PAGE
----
Yankees

Derek Jeter On Retirement: ‘There’s Other Things That I Want To Do’

Derek Jeter of the New York Yankees speaks at a media availability after announcing that the 2014 season will be his last before retiring at George M. Steinbrenner Field on February 19, 2014 in Tampa, Florida. (Photo by Mike Carlson/Getty Images)

Derek Jeter of the New York Yankees speaks at a media availability after announcing that the 2014 season will be his last before retiring at George M. Steinbrenner Field on February 19, 2014 in Tampa, Florida. (Photo by Mike Carlson/Getty Images)

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TAMPA, Fla. (CBSNewYork/AP) — Derek Jeter is ready to move on with his life — after one more season, of course.

Jeter said 20 years in the major leagues will be enough. He just wouldn’t really say why.

The New York Yankees captain responded to questions for nearly half an hour Wednesday, a week after announcing this will be his final season. But he provided few answers.

“You can’t do this forever. I’d like to,” he said. “There’s some things I look forward to doing.”

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On the day the team’s position players reported for spring training, Jeter spoke in the pavilion behind the third-base stands, where closer Mariano Rivera said last March that 2013 would be his final season.

“The thing that means the most to me is being remembered as a Yankee,” he said. “The great thing about being a Yankee is you’re always a Yankee.”

Yankees players at Derek Jeter's press conference (Credit: Otis Livingston/CBSNewYork)

Yankees players at Derek Jeter’s press conference (Credit: Otis Livingston/CBSNewYork)

The Steinbrenner family that owns the team sat in the front row, manager Joe Girardi and general manager Brian Cashman in the second and what appeared to be the entire team in rows after that.

Wearing a navy Yankees pullover and shorts, it was the start of the final season for No. 2, the last of the single digits to wear a Yankees uniform. He spoke from a table with arms crossed most of the time. He spoke directly and dispassionately, much like every interview since he first reached the major leagues in 1995.

“Trying to get me to cry?” he said after one question. “I have feelings. I’m not emotionally stunted. There’s feelings there, but I think I’ve just been pretty good at trying to hide my emotions throughout the years. I try to have the same demeanor each and every day.”

Accessible, yet opaque, as he has been throughout his career.

“I know I haven’t really been as open with some of you guys as you would have liked me to be over the last 20 years, but that’s by design,” he said. “It doesn’t mean I don’t have those feelings. It’s just that’s the way I felt as though I’d be able to make it this long in New York.”

Jeter, who turns 40 in June, was limited to 17 games last season, hitting 190 with one homer and seven RBIs after breaking an ankle in the 2012 AL championship series opener.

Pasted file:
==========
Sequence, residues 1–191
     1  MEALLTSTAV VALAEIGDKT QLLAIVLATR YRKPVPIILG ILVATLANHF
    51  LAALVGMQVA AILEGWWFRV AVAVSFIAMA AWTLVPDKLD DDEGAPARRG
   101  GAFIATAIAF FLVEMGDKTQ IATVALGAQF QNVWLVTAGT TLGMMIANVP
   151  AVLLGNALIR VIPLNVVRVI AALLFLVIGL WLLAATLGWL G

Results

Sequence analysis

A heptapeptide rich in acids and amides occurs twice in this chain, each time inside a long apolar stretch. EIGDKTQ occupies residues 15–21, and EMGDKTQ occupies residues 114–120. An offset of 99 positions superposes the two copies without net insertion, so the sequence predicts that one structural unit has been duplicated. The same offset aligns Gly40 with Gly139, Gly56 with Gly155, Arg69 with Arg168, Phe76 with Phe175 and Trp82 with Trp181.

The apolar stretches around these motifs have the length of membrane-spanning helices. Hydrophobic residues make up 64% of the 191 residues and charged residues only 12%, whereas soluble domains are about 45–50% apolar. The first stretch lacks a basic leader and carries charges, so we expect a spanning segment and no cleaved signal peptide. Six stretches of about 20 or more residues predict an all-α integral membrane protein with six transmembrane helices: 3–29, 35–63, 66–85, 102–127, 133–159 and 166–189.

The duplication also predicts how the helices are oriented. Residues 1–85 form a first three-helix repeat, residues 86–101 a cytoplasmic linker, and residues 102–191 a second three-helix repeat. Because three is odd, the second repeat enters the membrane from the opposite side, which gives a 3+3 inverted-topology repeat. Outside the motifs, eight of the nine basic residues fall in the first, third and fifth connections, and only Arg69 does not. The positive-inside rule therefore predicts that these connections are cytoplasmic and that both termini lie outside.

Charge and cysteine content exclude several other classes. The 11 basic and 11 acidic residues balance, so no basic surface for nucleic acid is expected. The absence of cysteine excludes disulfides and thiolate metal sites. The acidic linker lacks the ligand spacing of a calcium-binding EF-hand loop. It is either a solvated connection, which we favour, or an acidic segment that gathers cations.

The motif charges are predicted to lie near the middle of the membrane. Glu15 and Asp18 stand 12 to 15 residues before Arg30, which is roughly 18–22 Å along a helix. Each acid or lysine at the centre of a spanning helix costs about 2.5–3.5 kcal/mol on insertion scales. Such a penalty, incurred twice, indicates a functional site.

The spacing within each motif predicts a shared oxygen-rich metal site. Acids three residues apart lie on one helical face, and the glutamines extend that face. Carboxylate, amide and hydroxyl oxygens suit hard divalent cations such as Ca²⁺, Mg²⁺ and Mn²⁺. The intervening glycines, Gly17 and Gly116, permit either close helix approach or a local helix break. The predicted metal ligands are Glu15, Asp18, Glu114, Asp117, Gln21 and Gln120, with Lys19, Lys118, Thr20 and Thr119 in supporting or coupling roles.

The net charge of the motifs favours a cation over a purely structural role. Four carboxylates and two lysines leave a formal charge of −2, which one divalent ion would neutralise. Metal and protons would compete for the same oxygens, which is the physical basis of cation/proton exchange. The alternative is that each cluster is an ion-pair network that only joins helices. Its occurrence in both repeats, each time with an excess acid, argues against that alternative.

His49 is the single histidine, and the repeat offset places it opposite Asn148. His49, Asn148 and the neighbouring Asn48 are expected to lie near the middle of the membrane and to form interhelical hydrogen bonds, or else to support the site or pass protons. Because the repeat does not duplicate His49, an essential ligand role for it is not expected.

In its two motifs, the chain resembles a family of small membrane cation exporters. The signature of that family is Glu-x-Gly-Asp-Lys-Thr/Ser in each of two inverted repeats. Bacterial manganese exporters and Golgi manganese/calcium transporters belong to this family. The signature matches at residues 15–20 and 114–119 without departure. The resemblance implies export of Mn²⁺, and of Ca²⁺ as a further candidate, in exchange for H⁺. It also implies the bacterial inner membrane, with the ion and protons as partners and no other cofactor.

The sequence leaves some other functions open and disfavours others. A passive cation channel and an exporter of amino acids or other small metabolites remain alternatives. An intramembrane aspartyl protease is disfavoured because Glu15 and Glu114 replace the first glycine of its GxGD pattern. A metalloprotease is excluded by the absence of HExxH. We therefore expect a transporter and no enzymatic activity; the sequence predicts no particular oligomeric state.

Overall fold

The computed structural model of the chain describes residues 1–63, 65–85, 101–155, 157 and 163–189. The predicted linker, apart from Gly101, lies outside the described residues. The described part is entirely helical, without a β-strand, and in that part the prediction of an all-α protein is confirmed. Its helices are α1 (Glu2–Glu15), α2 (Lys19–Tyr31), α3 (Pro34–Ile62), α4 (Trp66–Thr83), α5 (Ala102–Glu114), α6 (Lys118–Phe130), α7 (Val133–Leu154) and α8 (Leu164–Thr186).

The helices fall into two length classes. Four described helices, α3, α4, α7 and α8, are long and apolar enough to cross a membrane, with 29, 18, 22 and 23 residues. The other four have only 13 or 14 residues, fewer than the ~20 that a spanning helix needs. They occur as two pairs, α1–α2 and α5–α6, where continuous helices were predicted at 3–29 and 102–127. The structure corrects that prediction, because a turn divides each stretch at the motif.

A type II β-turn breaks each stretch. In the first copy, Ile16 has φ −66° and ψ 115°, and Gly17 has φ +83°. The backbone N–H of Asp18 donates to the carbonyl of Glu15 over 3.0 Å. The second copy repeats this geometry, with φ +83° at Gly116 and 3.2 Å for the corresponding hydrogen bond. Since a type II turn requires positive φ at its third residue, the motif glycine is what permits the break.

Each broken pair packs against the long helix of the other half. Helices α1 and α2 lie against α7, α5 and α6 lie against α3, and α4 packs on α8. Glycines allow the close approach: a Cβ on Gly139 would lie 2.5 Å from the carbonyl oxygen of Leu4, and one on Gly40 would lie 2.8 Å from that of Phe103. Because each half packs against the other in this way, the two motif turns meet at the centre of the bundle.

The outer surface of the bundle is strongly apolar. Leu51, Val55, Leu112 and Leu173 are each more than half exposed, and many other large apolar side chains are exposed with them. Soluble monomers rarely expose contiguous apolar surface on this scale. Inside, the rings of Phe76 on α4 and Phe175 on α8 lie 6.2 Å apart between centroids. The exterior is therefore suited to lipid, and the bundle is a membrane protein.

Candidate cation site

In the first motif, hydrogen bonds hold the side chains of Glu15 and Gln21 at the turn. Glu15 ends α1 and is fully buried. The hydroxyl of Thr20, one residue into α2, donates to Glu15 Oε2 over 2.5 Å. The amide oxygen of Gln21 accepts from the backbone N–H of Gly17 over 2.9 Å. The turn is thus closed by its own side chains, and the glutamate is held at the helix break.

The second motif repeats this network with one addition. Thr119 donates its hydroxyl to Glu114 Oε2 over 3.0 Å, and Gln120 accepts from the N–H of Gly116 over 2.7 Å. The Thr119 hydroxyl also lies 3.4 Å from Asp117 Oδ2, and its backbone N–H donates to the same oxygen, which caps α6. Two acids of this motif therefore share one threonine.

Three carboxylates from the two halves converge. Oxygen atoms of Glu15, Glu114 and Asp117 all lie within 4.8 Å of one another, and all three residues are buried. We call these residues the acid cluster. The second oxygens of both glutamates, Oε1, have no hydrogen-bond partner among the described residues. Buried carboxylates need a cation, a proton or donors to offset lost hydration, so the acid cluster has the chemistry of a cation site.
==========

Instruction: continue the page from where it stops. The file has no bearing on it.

“I took a lot of time thinking about this,” he said. “I’ve been very vocal on how disappointing last year was, how hard it was for me to come to the stadium each and every day. You start thinking about how long do you really want to do this?

“And let me say one thing is, this is not a retirement little press conference. I still have a season to play. This is just letting you guys know that this is going to be my last year.

“But I felt as though it was the right time. I’ve been doing this for a long time. This will be parts of 20 seasons that I’ve been playing here in New York and parts of 23 if you count the minor leagues. So I just think I’ve done it for long enough, and I look forward to doing some other things in my life.”

He left a voicemail with Hal Steinbrenner the night before the announcement, but Steinbrenner didn’t check the voicemail until the next day and didn’t recognize the area code of the missed call.

“Right now it’s kind of surreal and it’s strange to think of the Yankees without him in the lineup. But we’re not there yet,” he said, adding he didn’t try to change Jeter’s mind. “I respect when an individual makes a decision like this because I know how much time and thought they put into it. It’s not my place to second guess.”

Jeter wouldn’t put an exact date on when he made the decision.

“I wanted to make this announcement months ago. I really did, but people — I don’t want to say forced, but they advised me to take my time before I said it,” he said.

He kept getting asked about his future, and wanted to put an end to that.

“Even walking down the street,” he said, “people ask because I missed last year: Are you playing this year? How much longer are you going to play? How many years to do you have? You get tired of hearing it.”

Jeter is a 13-time All-Star and five-time Gold Glove shortstop who led the Yankees to World Series titles in 1996, ’98, ’99, ’00 and ’09.

“If you ask me what stands out the most, it’s winning,” he said.

Jeter enters his 20th big league season with a .312 average, 256 homers and 1,261 RBIs.

“This has nothing to do with how I feel physically,” he said. “Everyone I told when I first started speaking about this with family and friends, they all told me to make sure you take your time, don’t base this decision on what happened last season, wait until your healthy and then make the decision. So this has absolutely nothing to do with how I feel physically. Physically I feel great and I’m looking forward to playing a full season.”

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